The story of Sleeping Beauty gets a whimsical fun-filled touch at Puppet Co. With its trademark sometimes snarky banter filled with modern references and sensibility, the company tells the timeless, age-old tale highlighting the unfortunate effects of uncontrolled anger.
Instead of a mean ugly witch, two sister fairies have the magic touch and get as much attention as the Princess herself. Identified only as 12 and ( unluckily numbered 13), they stroll the land trying to stay out of mischief but usually create more havoc and mayhem than peace and tranquility, mainly because of 13’s lack of self control. Despite her loud and hearty protests about trying to control her anger, she dishes out some unprovoked doosies, turning the Royal storyteller into a sweet tempered frog and then doing the renowned number on the beloved Princess Briar Rose.
Fairy number 12 is on constant damage control offering asides to minimize the devastating effects. What the fairies lack in diplomacy they more than make up for in attire, dressed to the hilt in cranberry tailored suits with matching high feathered hats. The Queen is also beautifully attired, by the way, in a crimson brocade dress with a matching sun- protecting umbrella, fringed tassels and all. (All puppets, costumes and set are designed by the always remarkable Allan Stevens who also directed; MayField Piper, who has the sweetest voice for the Princess, created the costumes.)
No detail was spared on the exquisite costuming or carefully displayed set cascading with roses trimming two archways and the backstage ramp leading to an upper level of action– or more like inaction since that’s where Briar Rose is beautifully perched for her century of sleep.
Closes March 23, 2014
The Puppet Co.
7300 MacArthur Blvd.
Glen Echo, MD
1 hour with no intermission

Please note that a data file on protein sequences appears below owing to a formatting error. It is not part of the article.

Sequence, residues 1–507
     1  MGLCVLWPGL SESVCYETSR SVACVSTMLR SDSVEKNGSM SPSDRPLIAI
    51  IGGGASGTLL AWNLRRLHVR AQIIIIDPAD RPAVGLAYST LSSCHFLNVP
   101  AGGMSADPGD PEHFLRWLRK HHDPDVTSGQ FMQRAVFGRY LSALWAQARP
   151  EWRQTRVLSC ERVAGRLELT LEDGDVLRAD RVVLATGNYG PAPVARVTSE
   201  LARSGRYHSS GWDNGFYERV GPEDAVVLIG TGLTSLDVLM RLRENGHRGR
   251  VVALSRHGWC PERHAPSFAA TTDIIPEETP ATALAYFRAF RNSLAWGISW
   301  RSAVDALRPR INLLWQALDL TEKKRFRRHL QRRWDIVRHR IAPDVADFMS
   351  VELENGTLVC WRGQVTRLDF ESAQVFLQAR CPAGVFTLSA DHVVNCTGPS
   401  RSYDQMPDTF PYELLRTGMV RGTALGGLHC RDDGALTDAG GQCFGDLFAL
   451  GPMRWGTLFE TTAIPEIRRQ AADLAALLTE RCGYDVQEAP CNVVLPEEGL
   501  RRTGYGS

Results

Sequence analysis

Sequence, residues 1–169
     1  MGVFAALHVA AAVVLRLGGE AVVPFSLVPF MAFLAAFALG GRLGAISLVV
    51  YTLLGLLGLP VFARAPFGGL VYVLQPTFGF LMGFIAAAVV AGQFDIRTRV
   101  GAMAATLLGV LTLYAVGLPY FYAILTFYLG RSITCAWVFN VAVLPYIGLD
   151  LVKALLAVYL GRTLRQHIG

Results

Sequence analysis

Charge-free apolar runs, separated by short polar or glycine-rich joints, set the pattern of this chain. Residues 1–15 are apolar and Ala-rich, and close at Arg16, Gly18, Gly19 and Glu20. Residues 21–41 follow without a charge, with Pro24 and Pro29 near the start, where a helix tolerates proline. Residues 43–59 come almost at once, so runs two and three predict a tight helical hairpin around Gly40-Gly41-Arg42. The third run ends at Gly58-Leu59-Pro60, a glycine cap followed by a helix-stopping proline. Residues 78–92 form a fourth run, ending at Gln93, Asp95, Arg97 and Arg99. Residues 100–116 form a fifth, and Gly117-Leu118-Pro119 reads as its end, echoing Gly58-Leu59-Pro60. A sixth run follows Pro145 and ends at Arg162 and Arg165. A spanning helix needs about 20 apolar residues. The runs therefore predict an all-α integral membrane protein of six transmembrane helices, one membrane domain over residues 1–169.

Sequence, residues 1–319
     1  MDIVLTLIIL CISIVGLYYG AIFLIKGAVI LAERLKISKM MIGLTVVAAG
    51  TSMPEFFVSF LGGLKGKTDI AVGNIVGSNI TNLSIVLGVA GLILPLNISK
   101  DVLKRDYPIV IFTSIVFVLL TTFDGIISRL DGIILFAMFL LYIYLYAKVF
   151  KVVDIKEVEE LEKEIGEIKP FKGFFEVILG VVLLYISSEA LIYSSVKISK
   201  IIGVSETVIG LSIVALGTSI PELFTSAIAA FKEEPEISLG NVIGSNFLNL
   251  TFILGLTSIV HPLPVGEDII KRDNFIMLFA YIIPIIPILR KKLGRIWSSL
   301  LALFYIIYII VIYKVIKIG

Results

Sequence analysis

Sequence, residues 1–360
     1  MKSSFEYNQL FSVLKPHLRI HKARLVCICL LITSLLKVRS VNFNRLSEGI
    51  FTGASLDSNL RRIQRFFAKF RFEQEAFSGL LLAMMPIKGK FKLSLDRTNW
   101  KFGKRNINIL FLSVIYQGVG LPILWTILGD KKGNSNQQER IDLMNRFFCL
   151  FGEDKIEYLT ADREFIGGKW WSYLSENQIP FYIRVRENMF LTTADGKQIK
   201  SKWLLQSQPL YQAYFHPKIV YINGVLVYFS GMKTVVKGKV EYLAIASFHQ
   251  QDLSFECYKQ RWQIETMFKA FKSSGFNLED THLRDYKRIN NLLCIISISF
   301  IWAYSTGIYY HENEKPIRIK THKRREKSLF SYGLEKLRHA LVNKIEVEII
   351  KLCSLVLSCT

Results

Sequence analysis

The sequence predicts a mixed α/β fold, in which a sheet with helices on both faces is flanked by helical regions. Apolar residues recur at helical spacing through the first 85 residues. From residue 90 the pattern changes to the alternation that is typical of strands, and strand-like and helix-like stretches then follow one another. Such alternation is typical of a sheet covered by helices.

Thursdays thru Sundays
These kinds of sophisticated touches ratchet Puppet Co.’s productions to a special place in family entertainment. They don’t get stuck in nursery rhymes or mindless pablum to youngsters. Instead, there’s a constant effort to keep everyone fully engaged by elevating the artistry and the message, and this production is no exception. There was apparently a conscientious decision to devote more time on the backstory, replacing the usual ornery witch with fairies who for the most part bring good wishes and graceful gifts to the royals. When a lapse in judgment results in one feeling left out and spurned, however, well, Hell hath no fury of a fairy scorned. As such, the menacing undertone comes from a place of choice, and possibility of redemption and change instead of requisite meaness and evil.
There’s also more attentiveness to the Kermit the Frog-like Storyteller, nicely operated and voiced by Joshua Aaron Rosenblum, who serves as a witness and mascot of survival, making do with the circumstances of his new fate in very touching ways.
Thirty years is a long time to keep dreams coming true with rods, strings, creativity and lots of imagination. (Even the logo design for the 30th Anniversary reflects the company’s artistry and charm.) The entire season promises to be filled with enchantment and treasured fun too good to miss. The promise of spring temperatures assures perfect conditions to enjoy Hansel and Gretel, Pinnochio, and my all time favorite, The Wizard of Oz. As seen in its 30 year history, with the Puppet Co., quality family entertainment is closer than you realize.
Sleeping Beauty . Adapted for Puppets by Duane T. Bowers (w/special acknowledgement to Laurie Gilkenson) . Directed by Allan Stevens . Produced by The Puppet Co. . Reviewed by Debbie Minter Jackson.